Where Are the Women? Carol

Where Are the Women? Carol

A story about two women trying to carve out places for themselves in the world? This is perhaps the very definition of a feminist film.


Is there a female protagonist? [why this matters]


[no significant representation of women in authority]


Is there a female character with significant screen time who bares her breasts (but doesn’t appear fully nude)? [why this matters]


Is there a female character whose primary goal is romantic (to get married, enter into a longterm relationship with a man, etc)? [why this matters]
Is the object or potential object of her affection and attraction a woman or women? [why this matters]
Does a man police or attempt to police a woman’s sexual agency? [why this matters]
Is he rebuked for it, either directly (by a character onscreen) or indirectly (by how it is depicted)? [why this matters]


Is there anything either positive or negative in the film’s representation of women not already accounted for here? (points will vary)

The story is overtly about the price that women pay for defying the restrictions placed upon them by men and by the culture at large, and what it takes to be brave in the face of this.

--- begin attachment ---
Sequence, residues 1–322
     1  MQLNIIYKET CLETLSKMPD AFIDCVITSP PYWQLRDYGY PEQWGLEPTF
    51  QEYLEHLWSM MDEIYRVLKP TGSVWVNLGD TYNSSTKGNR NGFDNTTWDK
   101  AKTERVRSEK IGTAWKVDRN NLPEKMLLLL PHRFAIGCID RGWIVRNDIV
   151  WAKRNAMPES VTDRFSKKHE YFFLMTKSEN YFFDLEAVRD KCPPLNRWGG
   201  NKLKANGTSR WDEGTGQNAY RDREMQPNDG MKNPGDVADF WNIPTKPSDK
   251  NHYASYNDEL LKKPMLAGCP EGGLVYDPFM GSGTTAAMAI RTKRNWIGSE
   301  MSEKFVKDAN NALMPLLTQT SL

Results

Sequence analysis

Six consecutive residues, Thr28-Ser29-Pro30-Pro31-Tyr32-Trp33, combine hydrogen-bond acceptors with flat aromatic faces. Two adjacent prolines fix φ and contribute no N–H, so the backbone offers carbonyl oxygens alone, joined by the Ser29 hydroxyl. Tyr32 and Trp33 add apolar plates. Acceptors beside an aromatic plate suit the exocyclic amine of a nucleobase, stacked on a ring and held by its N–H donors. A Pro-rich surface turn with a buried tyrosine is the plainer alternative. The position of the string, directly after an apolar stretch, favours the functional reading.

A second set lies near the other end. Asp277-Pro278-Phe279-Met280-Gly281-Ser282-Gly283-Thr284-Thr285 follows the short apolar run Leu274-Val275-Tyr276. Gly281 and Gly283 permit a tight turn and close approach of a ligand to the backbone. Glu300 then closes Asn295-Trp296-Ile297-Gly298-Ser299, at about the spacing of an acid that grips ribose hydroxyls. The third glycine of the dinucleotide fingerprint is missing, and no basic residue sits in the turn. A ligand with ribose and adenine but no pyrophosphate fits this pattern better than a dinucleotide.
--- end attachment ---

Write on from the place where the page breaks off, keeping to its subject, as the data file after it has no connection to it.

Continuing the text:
IS THE FILM’S DIRECTOR FEMALE? No (does not impact scoring)

IS THE FILM’S SCREENWRITER FEMALE? Yes (Phyllis Nagy) (does not impact scoring)

BOTTOM LINE: A story about two women trying to carve out places for themselves in a world that refuses to acknowledge their needs as valid is perhaps the very definition of a feminist film. That it is also a story of their romance is a bonus: mainstream films about lesbians are extraordinarily rare.

Click here for the ongoing ranking of 2015’s films for female representation.

Click here for the ranking of 2015’s Oscar-nominated films for female representation.

NOTE: This is not a “review” of Carol! It is simply an examination of how well or how poorly it represents women. (A movie that represents women well can still be a terrible film; a movie that represents women poorly can still be a great film.) Read my review of Carol.

See the full rating criteria. (Criteria that do not apply to this film have been deleted in this rating for maximum readability.)

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Fri, Jan 15, 2016 9:36pm

And it manages not to be all male-gazey like Blue is the Warmest Colour. Hurrah!

MaryAnn Johanson
reply to  RogerBW
Sat, Jan 16, 2016 1:39pm

Absolutely not!

Of course, Todd Haynes is gay. I bet that makes a huge difference.